I love the creativity you can have on the open face. I was such a wave snob on my standard shorty. To be motivated to go surf, it had to have speed and power and some pocket. Now I don’t care what it’s like, even if it doesn’t have that. So, I just love the thought of that and the creativity and options it gives you if you have an open-face wave, whether it’s steep, fat, flat—it doesn’t matter.


It’s probably a combination of both board design and the number of fins, for sure, but just being able to go out to the open face and not lose speed. The third fin would lose their momentum to get back. When on a twin fin, on those pen-face pockets where there’s not much juice, you can still drive through it. It doesn’t want to slow down. So, it’s like that feeling of freedom. I also really do like the feeling of how much distance you can carry off your bottom turn and trying to get that timing right to do it still in a vertical pocket. Not always go out to the flat open face, because it wants to take you out there with a flatter board and only two fins. And try and time it to still get that nice steep part of the wave.


The main thing we are doing with twinnies at Album is combining modern designs of concave and twin-fin placement. Then combining that with a retro feel with a flatter deck and flyers and volume up the front and a flatter rocker and still having the modern touches with concave and rail design. Most of the boards that I want to rip on have a narrower tail. I’m not a big fan of width in general, even though I do go short. But if I want to go and rip, that little bit of narrowness is excellent. So, you can still lean over on rail and push off your rail and still be super delayed to go to the other rail without having too much width to kind of dull it all down. I enjoy that. But my boards now are only slightly wider and thicker than what I was surfing on Tour, but plenty of volume for paddling and gliding.


When it comes to seeing them back on Tour, if I was back on Tour at Bells Beach, I would definitely not ride anything but a twin fin. I think the wave itself limits the high-performance element. Not just the wave but the conditions with the winds and everything like that. That wave you really need to carry distance through your turns down the line, even though it’s flatter open face wall. With a thruster, you start the bottom turn. You can’t get to the open face in time, because the waves are Southern Ocean groundswells. They are moving quickly. Still, they might not be top to bottom hollow, but they are moving across the reef quickly out there, so you need to carry distance and momentum. So, if there was a wave on Tour, you would want to bring the modern twin fin to, it is definitely Bells. I think it would just look lightning fast and really zippy compared to a lot of other competitors, if you got comfortable on a good one for sure.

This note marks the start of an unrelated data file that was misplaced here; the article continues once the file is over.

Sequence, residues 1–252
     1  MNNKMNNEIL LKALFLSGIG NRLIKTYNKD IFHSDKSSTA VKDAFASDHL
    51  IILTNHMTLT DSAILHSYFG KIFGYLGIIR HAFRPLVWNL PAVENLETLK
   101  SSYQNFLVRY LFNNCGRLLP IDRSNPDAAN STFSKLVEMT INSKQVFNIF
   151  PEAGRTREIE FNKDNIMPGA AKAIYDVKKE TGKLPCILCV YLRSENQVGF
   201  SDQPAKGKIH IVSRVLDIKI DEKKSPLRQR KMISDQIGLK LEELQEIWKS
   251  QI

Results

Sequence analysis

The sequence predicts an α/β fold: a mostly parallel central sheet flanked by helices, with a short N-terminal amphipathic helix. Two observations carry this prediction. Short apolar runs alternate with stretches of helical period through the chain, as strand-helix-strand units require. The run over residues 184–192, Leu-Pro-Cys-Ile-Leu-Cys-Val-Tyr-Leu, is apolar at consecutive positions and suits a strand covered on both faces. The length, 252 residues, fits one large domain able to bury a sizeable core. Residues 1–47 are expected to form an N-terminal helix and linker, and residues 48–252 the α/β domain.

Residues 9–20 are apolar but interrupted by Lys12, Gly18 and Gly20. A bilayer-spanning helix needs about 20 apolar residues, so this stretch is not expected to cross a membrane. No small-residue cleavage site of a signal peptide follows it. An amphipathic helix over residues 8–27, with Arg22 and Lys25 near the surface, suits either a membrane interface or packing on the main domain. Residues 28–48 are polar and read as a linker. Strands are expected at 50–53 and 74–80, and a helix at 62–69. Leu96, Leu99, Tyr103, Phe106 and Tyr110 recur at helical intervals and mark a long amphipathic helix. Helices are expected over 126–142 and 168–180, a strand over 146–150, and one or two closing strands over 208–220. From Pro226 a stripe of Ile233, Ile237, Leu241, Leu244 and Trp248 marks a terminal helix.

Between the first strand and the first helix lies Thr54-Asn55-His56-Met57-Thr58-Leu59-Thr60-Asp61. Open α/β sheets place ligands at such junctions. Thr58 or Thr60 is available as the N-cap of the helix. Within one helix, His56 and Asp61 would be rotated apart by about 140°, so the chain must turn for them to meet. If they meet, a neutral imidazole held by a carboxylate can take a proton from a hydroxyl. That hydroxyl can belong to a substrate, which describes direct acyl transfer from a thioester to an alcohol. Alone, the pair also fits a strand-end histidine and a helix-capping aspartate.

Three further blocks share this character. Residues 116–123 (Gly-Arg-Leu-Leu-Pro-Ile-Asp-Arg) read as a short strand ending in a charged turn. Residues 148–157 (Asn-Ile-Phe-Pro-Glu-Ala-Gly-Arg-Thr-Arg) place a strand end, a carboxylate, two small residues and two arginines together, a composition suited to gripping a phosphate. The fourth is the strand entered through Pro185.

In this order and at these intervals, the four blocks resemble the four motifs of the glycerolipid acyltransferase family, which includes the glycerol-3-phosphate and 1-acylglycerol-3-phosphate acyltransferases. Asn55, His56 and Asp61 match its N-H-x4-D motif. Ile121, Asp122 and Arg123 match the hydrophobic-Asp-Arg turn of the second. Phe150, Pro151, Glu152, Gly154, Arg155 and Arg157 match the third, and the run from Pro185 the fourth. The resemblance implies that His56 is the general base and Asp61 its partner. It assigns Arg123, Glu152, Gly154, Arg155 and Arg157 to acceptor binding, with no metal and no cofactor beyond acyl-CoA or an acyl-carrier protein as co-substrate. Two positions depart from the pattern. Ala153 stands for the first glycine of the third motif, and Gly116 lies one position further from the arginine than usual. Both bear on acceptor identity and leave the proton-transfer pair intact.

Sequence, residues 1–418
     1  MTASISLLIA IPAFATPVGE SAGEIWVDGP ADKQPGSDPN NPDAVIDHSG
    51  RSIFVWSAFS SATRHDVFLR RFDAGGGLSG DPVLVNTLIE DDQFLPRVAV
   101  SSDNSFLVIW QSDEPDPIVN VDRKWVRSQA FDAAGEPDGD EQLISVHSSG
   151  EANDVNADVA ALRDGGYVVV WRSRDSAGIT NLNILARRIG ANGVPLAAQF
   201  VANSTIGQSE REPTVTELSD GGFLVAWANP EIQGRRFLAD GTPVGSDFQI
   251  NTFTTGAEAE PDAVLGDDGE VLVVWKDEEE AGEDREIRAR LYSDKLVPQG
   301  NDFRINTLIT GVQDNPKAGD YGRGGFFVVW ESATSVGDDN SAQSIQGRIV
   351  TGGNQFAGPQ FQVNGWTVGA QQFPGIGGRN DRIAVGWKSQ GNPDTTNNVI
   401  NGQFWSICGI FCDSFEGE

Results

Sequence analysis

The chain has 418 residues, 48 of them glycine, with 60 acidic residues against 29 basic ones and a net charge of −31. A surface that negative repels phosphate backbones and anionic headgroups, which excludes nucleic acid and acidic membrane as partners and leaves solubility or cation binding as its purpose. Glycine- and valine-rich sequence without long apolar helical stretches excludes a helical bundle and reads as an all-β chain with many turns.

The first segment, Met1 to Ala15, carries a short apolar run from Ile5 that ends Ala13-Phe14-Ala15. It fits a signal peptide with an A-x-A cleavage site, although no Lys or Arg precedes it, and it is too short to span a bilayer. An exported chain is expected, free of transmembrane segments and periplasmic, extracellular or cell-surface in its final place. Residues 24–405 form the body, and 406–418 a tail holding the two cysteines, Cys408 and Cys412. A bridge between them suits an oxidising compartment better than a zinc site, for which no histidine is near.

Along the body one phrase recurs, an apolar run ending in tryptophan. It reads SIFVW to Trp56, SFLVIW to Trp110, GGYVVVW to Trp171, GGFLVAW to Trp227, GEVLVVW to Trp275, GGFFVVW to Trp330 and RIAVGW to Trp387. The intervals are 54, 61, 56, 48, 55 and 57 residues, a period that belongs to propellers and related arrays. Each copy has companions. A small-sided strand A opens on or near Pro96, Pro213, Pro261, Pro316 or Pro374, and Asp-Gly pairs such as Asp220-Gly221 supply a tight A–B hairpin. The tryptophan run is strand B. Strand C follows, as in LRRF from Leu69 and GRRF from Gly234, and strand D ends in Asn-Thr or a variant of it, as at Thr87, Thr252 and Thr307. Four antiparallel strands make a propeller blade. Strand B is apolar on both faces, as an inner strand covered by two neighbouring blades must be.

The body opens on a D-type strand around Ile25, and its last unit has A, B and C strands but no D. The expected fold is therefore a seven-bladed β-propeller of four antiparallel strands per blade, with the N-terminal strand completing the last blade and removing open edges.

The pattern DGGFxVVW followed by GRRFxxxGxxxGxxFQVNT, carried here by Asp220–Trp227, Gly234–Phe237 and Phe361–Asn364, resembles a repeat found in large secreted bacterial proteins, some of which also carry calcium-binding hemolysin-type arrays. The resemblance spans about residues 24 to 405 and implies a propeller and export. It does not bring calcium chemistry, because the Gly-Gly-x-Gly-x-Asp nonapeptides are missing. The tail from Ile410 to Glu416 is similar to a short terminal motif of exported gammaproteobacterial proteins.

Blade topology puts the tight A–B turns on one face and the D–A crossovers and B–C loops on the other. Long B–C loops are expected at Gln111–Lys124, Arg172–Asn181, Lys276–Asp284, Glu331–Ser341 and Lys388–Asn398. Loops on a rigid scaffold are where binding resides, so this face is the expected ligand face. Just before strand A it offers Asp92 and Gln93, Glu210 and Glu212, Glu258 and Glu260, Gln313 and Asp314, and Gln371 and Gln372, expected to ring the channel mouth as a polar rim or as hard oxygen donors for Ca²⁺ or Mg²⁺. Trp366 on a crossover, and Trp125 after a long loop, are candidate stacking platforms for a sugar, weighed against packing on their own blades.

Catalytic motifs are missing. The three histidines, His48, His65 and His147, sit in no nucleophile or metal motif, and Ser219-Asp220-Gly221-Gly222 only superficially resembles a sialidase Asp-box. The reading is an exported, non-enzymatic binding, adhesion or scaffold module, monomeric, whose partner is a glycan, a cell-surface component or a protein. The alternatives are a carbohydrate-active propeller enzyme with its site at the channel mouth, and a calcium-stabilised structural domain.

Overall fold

Andy Mac has firsthand knowledge of twin-fin history: he surfed the highs and lows of world title losses and wins in the era when twin-fins were first employed on the world surf stage. Half a century later, Josh Kerr is part of a new era: the comeback or revival of an underappreciated fin setup: the twinnie. If you’ve been surfing a thruster for the last while, why not get on a modern twinnie? Go Kerr-azy, and have some goddamn fun. Yew!